RIP Peter Reilly

It was a four-hour plane ride to Des Moines then a half hour drive to Ames, Iowa where the temperatures were in the 20’s. Unseasonably cold for the first part of November. We were there for Peter Reilly’s funeral.

 

Peter Reilly

My wife Karen’s father was from New Jersey but he lived in Ames more than forty years, teaching bio-chemical engineering at Iowa State. He died on November 2, 2017 of intestinal cancer at the age of 78.

My family of four all went to his funeral and we stayed at a Hilton hotel on the edge of town, though the edge of town wasn’t very far from everything else, because it’s Ames.

I haven’t seen a lot of death in my closest family, and I’ve only attended one funeral inside that group; my uncle Homer’s. We stood in a room at the funeral home as Homer lay in an open casket, looking like a prone statue as my aunt Doris said something to me about how he looked, hugged me and started to cry.

The visitation for Pete in the sanctuary of St. Thomas Aquinas Church was different because his ashes were in a box and so it seem less of a “visit.” I and the other close family formed a receiving line. Pete’s friends, neighbors, colleagues, fellow parishioners, former students and two cousins formed their own line that curved around the alter, moving slowly as they waited for their time to give us their regards.

Pete’s brother Tom did not show up for the funeral.

For the family it was two hours of greeting people. All but Rae, Pete’s widow, had to quickly figure out what their connection was to the deceased. Then we drummed up a short conversation. I learned that the impression Pete and Rae made on their community was huge.

They belonged to St. Thomas for four decades. They rarely missed a mass. They always sat in the first row. Rae was my wife’s stepmom, and she served on the committee that expanded the church. Pete would typically linger for an hour after mass to talk with people about anything possible. At the visitation we shared stories about how ending a conversation with Pete typically meant you had to tell him at least twice that you “really had to go.”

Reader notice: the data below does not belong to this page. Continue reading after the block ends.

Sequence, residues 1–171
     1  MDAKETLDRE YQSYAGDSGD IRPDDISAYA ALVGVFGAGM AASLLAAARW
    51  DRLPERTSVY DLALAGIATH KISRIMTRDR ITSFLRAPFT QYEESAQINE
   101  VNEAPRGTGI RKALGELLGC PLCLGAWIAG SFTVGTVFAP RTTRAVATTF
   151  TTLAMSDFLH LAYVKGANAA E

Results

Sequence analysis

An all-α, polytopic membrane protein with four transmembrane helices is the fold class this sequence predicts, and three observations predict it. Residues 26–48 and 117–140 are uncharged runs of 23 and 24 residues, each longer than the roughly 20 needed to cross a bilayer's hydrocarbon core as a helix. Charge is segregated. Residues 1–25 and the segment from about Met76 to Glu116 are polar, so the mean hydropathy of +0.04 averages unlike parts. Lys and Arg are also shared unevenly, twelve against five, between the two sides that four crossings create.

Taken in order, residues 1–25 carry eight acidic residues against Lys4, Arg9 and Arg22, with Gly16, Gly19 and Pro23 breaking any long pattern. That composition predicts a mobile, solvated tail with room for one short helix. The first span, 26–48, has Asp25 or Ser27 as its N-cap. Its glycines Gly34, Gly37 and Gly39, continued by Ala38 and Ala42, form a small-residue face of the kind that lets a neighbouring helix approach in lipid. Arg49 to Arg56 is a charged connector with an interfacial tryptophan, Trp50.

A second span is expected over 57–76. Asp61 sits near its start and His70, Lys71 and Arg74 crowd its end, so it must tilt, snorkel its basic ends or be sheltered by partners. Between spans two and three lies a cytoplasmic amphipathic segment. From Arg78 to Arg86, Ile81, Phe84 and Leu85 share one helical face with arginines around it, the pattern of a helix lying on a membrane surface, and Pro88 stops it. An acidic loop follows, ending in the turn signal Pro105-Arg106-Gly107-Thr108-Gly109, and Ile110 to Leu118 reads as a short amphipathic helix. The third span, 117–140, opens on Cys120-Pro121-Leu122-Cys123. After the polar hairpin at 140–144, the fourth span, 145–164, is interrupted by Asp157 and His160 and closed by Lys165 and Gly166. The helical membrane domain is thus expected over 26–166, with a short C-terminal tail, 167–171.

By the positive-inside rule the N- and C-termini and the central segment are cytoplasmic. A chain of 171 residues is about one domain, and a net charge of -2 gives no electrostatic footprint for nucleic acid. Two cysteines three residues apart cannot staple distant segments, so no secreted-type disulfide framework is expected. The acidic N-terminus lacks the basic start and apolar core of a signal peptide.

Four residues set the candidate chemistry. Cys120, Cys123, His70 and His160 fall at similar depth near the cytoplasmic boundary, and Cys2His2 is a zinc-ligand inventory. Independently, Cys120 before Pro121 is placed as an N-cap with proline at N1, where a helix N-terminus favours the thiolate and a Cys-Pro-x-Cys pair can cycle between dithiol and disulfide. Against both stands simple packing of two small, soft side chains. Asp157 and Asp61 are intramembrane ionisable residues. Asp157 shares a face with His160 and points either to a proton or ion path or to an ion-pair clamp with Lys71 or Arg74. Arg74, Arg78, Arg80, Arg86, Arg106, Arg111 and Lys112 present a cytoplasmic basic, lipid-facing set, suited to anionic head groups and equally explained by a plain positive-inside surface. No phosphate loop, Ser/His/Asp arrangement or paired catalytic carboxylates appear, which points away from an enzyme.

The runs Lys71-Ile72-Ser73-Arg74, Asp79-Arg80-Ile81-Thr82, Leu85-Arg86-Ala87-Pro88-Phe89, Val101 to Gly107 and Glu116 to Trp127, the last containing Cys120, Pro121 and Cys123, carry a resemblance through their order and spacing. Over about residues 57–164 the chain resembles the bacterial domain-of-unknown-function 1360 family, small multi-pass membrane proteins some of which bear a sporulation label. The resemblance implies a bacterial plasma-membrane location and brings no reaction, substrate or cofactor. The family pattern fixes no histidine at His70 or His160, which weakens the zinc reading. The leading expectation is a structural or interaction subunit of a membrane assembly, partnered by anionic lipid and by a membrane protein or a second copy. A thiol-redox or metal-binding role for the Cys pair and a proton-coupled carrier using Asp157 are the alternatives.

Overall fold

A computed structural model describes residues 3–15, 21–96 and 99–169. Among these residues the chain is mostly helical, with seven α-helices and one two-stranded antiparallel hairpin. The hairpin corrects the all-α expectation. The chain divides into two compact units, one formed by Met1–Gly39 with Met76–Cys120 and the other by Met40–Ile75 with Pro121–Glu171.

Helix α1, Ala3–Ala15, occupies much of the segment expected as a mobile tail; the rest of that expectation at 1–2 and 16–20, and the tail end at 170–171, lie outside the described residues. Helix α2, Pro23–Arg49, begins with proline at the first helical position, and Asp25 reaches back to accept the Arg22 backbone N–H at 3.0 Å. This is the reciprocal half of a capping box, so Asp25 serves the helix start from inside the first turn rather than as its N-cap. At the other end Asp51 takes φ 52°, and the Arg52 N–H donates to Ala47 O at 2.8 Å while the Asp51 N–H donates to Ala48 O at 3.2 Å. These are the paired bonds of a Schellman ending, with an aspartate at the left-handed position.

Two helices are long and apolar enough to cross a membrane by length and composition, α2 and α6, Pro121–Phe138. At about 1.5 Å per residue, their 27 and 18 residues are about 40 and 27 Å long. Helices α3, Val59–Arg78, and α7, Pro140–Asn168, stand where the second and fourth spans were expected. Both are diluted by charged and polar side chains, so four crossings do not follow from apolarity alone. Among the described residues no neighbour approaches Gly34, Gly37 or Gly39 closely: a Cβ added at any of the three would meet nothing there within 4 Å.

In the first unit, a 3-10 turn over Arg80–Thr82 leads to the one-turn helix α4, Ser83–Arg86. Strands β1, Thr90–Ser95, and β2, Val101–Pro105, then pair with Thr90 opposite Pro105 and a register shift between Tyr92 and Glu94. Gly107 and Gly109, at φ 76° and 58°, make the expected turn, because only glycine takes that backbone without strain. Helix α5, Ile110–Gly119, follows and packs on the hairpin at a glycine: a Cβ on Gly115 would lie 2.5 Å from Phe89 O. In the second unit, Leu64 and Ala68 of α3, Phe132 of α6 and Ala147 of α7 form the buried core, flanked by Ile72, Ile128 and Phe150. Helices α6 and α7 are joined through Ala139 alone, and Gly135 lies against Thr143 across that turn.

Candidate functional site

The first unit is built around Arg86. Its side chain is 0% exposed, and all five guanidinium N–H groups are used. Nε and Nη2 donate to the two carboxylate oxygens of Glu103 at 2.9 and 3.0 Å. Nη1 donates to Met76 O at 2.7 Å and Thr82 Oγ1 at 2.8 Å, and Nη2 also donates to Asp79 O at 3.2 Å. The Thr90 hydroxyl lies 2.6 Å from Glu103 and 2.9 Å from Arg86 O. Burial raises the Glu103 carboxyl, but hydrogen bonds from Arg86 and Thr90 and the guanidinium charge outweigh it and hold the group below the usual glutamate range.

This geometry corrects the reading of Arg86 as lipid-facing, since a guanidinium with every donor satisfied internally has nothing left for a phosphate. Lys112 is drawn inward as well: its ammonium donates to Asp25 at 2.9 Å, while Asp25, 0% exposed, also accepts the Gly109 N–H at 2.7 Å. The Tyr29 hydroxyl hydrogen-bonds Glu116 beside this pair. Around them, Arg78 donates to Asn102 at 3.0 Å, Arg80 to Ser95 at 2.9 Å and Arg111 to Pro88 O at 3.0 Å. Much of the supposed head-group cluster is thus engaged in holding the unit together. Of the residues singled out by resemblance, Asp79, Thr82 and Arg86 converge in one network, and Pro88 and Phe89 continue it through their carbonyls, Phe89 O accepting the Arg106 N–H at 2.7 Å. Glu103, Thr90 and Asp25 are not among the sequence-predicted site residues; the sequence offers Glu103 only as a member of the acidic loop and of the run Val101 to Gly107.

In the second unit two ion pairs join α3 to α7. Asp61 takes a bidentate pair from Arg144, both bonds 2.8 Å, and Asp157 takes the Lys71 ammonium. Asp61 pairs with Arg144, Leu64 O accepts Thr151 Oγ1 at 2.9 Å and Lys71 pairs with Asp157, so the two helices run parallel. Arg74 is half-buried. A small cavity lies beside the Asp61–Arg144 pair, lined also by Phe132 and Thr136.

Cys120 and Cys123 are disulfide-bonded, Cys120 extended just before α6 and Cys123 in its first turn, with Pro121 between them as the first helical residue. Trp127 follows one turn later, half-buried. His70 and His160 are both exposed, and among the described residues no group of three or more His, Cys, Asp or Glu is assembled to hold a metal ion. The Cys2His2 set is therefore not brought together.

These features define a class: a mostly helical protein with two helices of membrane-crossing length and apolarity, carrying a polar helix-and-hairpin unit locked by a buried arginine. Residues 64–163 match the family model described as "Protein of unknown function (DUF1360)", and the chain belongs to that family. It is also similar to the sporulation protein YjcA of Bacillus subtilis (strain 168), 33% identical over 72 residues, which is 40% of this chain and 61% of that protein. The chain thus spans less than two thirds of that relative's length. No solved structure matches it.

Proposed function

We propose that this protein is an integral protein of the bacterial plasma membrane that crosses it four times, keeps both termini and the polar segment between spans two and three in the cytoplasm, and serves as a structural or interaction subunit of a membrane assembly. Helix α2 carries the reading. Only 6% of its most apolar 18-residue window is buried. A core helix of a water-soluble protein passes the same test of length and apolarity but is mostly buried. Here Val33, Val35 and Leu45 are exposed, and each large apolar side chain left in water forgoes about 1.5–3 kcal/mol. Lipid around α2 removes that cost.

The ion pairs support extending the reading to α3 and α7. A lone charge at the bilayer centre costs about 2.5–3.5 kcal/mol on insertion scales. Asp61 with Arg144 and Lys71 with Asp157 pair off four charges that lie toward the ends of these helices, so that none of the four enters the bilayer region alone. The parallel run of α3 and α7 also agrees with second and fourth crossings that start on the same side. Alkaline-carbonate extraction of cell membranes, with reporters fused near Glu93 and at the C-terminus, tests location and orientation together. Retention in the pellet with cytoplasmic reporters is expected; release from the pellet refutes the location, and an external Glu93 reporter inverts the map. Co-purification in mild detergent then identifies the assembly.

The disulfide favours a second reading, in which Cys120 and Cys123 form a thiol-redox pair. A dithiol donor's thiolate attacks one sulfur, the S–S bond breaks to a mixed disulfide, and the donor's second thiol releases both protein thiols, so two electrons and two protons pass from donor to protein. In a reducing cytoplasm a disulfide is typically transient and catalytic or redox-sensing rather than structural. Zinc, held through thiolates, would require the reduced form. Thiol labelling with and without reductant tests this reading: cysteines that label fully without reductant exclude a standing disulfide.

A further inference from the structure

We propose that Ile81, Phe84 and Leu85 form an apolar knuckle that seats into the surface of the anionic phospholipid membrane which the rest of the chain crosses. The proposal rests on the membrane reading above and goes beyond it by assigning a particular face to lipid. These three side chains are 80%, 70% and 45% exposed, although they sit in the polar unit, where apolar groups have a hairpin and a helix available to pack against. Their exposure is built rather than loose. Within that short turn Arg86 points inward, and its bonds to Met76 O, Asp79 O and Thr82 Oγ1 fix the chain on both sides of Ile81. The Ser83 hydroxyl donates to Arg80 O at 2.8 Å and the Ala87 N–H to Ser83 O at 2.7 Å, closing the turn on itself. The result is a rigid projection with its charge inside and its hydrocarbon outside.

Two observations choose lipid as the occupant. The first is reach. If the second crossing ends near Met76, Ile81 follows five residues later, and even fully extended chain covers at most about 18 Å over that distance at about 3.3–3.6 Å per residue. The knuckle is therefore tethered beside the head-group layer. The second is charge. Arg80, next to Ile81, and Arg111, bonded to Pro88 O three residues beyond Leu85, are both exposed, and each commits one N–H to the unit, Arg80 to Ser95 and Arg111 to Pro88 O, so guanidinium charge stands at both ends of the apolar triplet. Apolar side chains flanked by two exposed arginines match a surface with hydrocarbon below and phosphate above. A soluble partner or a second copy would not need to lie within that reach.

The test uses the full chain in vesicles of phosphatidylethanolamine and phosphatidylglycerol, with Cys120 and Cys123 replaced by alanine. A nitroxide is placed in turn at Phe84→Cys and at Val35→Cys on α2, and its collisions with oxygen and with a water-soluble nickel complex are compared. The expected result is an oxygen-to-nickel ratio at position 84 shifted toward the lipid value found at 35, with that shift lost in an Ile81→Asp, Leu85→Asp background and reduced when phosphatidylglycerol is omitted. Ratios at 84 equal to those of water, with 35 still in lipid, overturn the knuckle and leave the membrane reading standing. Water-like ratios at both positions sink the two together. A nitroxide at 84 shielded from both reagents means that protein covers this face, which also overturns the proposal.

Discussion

Pete was accomplished in his field. In fact he was named a distinguished professor at Iowa State. He was a nerd. At the funeral the priest told the story of how Pete had visited 60 countries, and that doesn’t count those countries where he only had airport layovers. Who told him that? Pete did.

Karen and Sophie in line for lunch in the church basement after the funeral

He was obtuse when it came to understanding many facts of life. That includes the trauma his daughters went through dealing with a family that had been split apart, or the trauma the girls felt, just being teenagers.

He had quirks and blind spots. He could be a snob. He knew how to hold a grudge. But with it all, Pete really liked people. He loved to meet them and talk to them, and he helped a lot of them though his teaching and his sponsorship of study-abroad programs.

At his funeral I thought about that movie It’s a Wonderful Life. Pete’s wonderful life in Ames, Iowa, was not so different from George Bailey. And as I watched the people standing in that slow-moving line at the visitation, I asked myself how many people would miss me when I died. How many people would remember me as somebody who helped them, made time for them and really enjoyed talking to them.

In the hotel, the day after the funeral, I saw the University of Texas women’s volleyball team as they got breakfast. They were these beautiful girls who were all at least six feet tall.  They won their game against Iowa State… undefeated in the conference, one of them told me in the elevator.

On the plane to Chicago (our layover) I sat next to a guy who lived in Chicago but had season tickets to Iowa State football games. He grew up in an Iowa town of 850 people and, like Pete, talked to me non-stop from liftoff until we landed at O’Hare.

 

Temps in the 20’s in Ames, the Iowa State campanile in background.

He said his baseball coach in high school was the shop teacher and he made the players try to field baseballs with boards strapped to their hands, instead of gloves. Good training, he claimed. This guy also told me he played three sports because athletes had to do that in a small town, otherwise they wouldn’t have enough guys to field a team.

In small towns, you’ve got to be involved. You’ve got to coach a team. Serve on the volunteer fire department. Plan the church expansion. Pete was involved. He’ll be remembered fondly.

 

 

 

 

 

 

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